Written by: Scot Smith, CPA
The most common method of detecting fraud and defalcation (embezzlement) is a tip or complaint from an employee, vendor, customer or anonymous informant. Although small business frauds have a relatively low detection rate by audits, this fact does not accurately reflect the effectiveness of audits as deterrents to fraud by putting personnel on notice that fraud is likely to be detected.
The following list of practical fraud prevention tips has been compiled from a variety of sources.
1. Separate the duties of receiving funds, disbursing funds, writing checks, signing checks, and reconciling bank accounts. Having one employee responsible for all cash-related functions makes small businesses vulnerable to fraud.
2. Have the monthly bank statement delivered unopened to the owner, who should review it for unusual transactions such as declining deposits and unfamiliar payees.
3. Owners should look for a) signatures or endorsements that look forged, b) missing checks, c) check numbers that are out of order, and d) checks where the payee listed does not match the name in the check register.
4. Consider an independent review of the cash accounts and bank statements by an anti-fraud specialist.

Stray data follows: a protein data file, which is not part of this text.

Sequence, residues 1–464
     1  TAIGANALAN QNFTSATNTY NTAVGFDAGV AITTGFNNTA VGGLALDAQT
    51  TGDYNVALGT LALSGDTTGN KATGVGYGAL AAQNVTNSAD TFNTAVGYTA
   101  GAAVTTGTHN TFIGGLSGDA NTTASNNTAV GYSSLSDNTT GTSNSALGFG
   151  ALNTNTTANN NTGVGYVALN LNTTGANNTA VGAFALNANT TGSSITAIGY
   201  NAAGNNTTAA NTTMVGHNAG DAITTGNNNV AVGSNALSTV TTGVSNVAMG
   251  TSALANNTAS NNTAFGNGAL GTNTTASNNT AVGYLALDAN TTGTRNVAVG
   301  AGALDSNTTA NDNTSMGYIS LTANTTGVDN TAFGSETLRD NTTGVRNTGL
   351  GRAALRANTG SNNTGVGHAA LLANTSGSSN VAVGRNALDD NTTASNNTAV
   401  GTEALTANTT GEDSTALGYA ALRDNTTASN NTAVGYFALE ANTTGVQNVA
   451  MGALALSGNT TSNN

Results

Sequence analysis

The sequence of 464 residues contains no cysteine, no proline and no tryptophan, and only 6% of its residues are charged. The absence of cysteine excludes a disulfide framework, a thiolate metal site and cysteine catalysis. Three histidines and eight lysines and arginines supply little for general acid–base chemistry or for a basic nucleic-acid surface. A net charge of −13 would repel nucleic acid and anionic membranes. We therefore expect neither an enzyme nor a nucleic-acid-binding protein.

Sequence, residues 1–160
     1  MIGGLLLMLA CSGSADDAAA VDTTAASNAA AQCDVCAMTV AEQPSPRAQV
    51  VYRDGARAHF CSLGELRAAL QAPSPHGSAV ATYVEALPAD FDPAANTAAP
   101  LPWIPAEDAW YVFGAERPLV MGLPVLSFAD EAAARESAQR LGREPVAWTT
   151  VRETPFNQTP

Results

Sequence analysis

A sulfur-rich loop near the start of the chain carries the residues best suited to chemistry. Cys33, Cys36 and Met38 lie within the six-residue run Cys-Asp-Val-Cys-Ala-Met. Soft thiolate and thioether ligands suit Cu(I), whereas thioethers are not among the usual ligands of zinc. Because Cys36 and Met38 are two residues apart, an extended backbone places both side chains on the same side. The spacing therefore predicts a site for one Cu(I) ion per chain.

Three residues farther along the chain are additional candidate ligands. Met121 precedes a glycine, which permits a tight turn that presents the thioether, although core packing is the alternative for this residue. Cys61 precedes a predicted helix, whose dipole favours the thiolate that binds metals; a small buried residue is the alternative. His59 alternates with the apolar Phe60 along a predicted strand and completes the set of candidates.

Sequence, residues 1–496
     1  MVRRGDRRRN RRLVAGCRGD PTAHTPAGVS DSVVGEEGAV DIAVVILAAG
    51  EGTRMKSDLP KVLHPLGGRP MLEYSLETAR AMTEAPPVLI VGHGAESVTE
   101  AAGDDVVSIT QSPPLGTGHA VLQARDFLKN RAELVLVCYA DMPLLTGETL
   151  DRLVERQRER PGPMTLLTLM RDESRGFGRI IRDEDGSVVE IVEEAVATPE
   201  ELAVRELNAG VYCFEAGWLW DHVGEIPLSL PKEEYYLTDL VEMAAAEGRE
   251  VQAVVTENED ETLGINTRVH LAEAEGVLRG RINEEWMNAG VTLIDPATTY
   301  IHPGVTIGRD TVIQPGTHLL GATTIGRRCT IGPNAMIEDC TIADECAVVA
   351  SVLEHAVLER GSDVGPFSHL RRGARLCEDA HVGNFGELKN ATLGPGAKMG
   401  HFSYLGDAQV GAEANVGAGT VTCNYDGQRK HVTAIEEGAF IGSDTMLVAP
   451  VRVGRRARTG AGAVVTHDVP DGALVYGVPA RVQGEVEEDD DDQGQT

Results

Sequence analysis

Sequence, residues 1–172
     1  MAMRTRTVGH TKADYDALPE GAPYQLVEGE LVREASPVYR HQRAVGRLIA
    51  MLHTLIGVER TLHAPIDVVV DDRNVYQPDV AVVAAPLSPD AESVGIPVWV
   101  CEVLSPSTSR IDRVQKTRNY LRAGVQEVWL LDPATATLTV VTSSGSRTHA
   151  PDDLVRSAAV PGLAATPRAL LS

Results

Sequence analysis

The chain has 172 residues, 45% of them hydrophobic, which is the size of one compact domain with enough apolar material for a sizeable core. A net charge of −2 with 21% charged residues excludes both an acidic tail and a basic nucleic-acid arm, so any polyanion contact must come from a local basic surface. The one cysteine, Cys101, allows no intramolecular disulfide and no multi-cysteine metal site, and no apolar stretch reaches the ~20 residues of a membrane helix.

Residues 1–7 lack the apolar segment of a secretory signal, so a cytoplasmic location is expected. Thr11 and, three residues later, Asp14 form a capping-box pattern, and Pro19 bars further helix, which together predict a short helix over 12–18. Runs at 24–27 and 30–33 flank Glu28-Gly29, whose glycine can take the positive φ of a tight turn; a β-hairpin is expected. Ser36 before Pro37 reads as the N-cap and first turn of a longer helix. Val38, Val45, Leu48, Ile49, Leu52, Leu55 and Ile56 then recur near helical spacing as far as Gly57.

5. Institute background checks on new employees, and notify job applicants that their backgrounds will be checked.
6. Employees who receive regular and recurring training about the detrimental aspects of fraud are more likely to aid in controlling it.
7. Employees who feel well-treated and adequately compensated are less likely to commit occupational fraud than those who don’t.
8. Employees who hold grudges against their employers—whether or not justified—are more likely turn to occupational fraud and abuse.
9. Insist that employees take a vacation for at least one week every year and use that time to have the books reviewed for discrepancies.
10. Adopt a tip hotline or complaint-reporting mechanism that will enable employees, vendors, customers, or outside sources to report suspected fraud anonymously or without fear of reprisal.
11. Employers can gain valuable information by simply asking questions in a non-threatening, non-accusatory manner.
12. Conduct internal and external audits, especially a “fraud audit” instead of a “general audit” if you suspect fraud.
13. Have an accounting software program expert, preferably a CPA, do the initial set-up of the program to make sure that helpful features are turned on and unhelpful features are turned off.
14. Access to personnel and vendor master file records should be password protected and restricted by job function.
15. Computer systems should create an audit trail of all changes made to the vendor master file records, including an identification of those who made the changes.
16. Changes to vendor master file records should require supporting documentation, supervisory approval, and independent review.